Do you run the Code Health checks in your VisualStudio.com Continuous Integration Build?

Last updated by Brady Stroud [SSW] about 1 month ago.See history

The real value of the code health system is that is made improvements in code quality more visible to the team and managers. By including several steps to the build process, the results of the analysers included in previous steps can be extracted out and summarised in a report spanning the project's lifetime.

What Steps to Include in the Build Definition

Summary:

  1. Ensure "Restore NuGet Packages" & "Build Solution" are in the build definition to run the Roslyn analysers.
  2. Add several npm and command line steps to the build definition to run tslint. (On premises builds require an additional step).
  3. Include an identifying variable "PrimaryBuild" to the build definition.
  4. Check the build is running without issues.

The resulting build should look like this:

VSO Build Good 1
Figure: Good example - Build Passing with no summary issues

Ensure utilisation of TeamBuild2015 or higher. (No support for XAML builds) Edit the build definition on <CompanyName>.visualstudio.com, and add the following build tasks. If your project does not contain TypeScript files, then you do not need to include the TSLint build tasks.

VSO BuildDefinition V3
Figure: Good example - Steps added to build definition

VSO DirectoryExampleV2
Figure: Example directory for TSLint run commands

Under advanced for the Command Line tasks, the Working Directory can be specified if necessary.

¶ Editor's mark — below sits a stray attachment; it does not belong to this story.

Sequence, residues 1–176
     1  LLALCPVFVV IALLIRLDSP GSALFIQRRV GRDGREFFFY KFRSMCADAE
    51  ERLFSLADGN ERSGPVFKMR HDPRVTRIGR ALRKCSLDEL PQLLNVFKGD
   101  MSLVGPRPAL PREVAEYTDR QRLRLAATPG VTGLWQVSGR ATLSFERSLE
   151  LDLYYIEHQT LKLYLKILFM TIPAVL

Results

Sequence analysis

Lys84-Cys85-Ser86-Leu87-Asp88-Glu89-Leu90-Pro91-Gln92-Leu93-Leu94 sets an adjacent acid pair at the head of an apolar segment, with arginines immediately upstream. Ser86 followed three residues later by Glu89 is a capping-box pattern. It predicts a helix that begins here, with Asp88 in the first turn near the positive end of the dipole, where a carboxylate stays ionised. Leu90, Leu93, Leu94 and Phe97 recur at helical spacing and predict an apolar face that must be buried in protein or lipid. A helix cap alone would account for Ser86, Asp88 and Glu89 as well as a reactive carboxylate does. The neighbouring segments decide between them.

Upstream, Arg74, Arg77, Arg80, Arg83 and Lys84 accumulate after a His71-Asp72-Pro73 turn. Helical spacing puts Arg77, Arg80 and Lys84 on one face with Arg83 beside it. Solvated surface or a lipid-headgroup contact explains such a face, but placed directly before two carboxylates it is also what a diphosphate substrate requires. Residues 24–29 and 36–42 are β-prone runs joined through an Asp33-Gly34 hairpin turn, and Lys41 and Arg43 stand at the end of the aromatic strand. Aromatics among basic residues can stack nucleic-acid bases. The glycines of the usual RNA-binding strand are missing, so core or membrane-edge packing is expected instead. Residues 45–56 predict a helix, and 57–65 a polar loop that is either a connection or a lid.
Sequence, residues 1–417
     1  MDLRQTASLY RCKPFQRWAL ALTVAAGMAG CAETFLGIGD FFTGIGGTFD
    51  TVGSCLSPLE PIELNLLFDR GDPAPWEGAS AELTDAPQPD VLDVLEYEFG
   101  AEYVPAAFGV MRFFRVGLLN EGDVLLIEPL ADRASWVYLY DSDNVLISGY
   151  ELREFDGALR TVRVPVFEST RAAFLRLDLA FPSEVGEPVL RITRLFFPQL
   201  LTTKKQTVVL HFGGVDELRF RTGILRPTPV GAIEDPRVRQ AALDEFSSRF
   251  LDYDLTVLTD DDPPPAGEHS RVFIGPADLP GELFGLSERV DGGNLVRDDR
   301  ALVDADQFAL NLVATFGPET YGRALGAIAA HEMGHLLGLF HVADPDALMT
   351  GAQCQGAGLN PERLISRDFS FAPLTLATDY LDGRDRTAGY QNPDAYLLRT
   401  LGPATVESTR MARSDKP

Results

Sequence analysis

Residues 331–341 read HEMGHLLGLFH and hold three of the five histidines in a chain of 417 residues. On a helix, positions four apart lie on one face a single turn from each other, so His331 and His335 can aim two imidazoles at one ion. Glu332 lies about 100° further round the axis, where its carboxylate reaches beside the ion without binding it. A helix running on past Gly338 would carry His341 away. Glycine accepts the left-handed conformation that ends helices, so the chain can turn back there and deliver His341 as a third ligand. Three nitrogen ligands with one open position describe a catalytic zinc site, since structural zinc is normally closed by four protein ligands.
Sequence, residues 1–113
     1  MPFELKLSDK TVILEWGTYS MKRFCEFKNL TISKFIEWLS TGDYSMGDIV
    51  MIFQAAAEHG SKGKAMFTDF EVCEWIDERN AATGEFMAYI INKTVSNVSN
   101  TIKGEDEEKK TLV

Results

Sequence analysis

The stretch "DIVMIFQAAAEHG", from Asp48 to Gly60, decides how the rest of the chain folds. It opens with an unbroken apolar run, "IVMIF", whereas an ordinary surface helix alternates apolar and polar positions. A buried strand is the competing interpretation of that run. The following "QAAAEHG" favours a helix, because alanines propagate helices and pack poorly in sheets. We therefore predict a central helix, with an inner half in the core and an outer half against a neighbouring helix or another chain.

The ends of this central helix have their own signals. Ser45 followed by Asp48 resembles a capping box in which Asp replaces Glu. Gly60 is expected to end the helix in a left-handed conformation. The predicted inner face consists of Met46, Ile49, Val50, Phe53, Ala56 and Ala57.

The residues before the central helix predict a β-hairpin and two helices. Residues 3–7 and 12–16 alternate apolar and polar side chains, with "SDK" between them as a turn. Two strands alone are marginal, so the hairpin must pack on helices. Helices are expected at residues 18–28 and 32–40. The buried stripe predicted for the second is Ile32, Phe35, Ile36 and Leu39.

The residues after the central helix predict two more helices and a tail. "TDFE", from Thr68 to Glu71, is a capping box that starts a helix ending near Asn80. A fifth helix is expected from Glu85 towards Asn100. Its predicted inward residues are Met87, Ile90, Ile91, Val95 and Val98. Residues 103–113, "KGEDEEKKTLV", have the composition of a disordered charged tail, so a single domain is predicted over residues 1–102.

TsLint
 **Npm** - Install tslint and typescript
 **Name:** npm install tslint
 **Working Folder:** &lt;Top Directory&gt;
 **Npm Command:** install
 **Arguments:** -g tslint typescript

 **Command Line** - Check the version (Useful to determine rule discrepancies across builds)
 **Name:** Check tslint version
 **Tool:** tslint
 **Arguments:** -v

 **Command Line** - Builds a default configuration file for the build (Without it issues can differ between build and development environment
 **Name:** Create tslint config file
 **Tool:** tslint
 **Arguments:** --init

 **Command Line** - Run tslint, force is required to stop the build from crashing (TSLint will return and exit code of 1 regardless of if issues exist)
 **Name:** Run tslint
 **Tool:** TSLint
 **Arguments:** --force &lt;Solution Directory&gt;/\*\*/\*.ts{,x}

If your build is being hosted, then the config file must be reloaded every time. If your build is running on premises, the config file will attempt to load over the existing one and break the build.

If this is the case, just add a step to delete your config file after the scan is complete.

VSO RemoveConfig
Figure: Command line step to remove the config file (tslint.json) after the linter has run

 **Command Line** - Remove the tslint config file, as it will break future scan if the build is on premises if a config file already exists and an attempt to add another one is made.
 **Name:** Remove tslint config
 **Tool:** del
 **Arguments:** tslint.json

Once complete, save the build definition and run the build.

Then check the build is successful.

If the build fails (due to errors), these should be corrected in the development environment.

Include "PrimaryBuild" variable

For the purposes of reporting, a unique tag must be added to the build definition which the Code Health steps have been applied to. This is done with the addition of a variable (Name = PrimaryBuild, Value = true)

VSO AddVariableTag
Figure: Steps to add PrimaryBuild variable to build definition

Check the build is running without issues

VSO Build Bad 1
Figure: Bad Code with a Good Code Health Implementation - Build broke due to compile errors. Must fix to proceed

VSO Build Ok 1
Figure: Bad Code with a Good Code Health Implementation - Successful build with warnings. These should be reprioritised as errors, or removed

VSO Build Good 1
Figure: Good Code with a Good Code Health Implementation - Successful build with no warnings

Adam Cogan
Danijel Malik
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